The Just City

When the Greek god Apollo is rejected by the nymph Daphne, his burning question is why she turned herself into a tree to avoid mating with him, which leads him to seek the wise council of his sister, Athene. Her reply makes Apollo wonder what it would be like to be mortal, and he has an opportunity to find out in an experimental city Athene is building on the island of Atlantis.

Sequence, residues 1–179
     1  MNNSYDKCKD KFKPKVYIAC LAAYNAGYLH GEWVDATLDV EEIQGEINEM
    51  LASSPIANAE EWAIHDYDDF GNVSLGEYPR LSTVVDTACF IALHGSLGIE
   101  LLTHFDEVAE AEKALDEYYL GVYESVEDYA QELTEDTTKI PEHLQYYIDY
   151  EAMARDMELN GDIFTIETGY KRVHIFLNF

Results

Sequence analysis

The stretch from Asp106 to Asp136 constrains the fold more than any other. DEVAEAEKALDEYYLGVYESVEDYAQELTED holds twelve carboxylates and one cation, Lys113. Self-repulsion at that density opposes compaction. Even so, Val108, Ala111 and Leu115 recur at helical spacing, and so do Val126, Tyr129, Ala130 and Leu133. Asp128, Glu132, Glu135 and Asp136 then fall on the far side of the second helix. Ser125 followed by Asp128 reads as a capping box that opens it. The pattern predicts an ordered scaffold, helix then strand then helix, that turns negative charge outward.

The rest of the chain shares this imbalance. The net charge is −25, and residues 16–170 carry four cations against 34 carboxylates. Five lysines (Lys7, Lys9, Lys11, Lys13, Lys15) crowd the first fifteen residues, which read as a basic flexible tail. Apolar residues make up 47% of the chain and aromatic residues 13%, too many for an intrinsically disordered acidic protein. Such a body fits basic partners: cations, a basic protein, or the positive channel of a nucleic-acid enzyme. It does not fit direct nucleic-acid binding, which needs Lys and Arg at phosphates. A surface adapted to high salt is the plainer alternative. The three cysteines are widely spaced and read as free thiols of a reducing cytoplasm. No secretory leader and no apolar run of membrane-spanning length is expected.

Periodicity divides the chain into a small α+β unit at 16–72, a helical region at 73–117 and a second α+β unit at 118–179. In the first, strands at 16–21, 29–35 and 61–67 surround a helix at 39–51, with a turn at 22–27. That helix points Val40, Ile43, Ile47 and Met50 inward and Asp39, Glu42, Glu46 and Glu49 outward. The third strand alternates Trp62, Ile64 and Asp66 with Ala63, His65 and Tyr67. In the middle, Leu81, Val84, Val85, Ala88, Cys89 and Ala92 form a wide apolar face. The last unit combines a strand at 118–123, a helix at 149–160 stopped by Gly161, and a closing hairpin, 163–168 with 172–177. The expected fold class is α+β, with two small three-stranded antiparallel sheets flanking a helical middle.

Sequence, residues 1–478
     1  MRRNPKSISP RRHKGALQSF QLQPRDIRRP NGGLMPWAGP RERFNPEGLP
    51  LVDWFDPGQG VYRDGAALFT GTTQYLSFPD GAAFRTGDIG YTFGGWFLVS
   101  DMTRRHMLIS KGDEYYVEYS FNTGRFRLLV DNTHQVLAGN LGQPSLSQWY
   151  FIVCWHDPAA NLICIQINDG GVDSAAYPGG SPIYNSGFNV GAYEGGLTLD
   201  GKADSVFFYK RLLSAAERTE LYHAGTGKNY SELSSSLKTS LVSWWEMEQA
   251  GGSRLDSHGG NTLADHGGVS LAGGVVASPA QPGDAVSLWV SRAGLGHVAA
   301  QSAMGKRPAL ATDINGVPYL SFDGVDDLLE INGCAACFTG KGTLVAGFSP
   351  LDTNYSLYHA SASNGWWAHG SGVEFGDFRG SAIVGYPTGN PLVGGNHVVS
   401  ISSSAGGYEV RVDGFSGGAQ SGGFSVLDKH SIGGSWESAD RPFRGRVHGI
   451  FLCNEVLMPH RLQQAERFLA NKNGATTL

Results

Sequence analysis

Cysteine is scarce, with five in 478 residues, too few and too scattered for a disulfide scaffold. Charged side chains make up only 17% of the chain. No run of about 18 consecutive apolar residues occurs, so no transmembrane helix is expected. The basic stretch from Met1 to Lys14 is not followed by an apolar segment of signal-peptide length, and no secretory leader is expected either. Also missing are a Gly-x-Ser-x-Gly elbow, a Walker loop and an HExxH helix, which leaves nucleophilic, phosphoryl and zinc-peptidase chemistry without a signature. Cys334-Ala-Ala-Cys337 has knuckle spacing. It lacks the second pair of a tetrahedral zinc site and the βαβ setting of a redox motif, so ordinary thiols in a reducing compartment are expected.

Athene has decided to follow the mandates set out in Plato's Republic; her Just City will be filled with 300 men and women who have prayed to her for guidance, all from different time periods, and more than 10,000 children rescued from slavery and orphanages. The masters and children will follow Plato's rules, aided by robots that do most of the menial tasks of running the city. What unfolds in Jo Walton's The Just City is a rewarding and challenging philosophical delight. Walton (My Real Children) establishes a revolving cast of characters who all present their perspectives on city life in first person. She capably explores the aspects of being human and mortal versus being a god or a robot, and the question of free will is carefully considered, as everyone in the city is encouraged to become the best they can be. While philosophers will find much to treasure in this fantastical utopian experiment, even those unfamiliar with Plato or the Greek pantheon will likely find this entertaining. --Lee E. Cart, freelance writer and book reviewer

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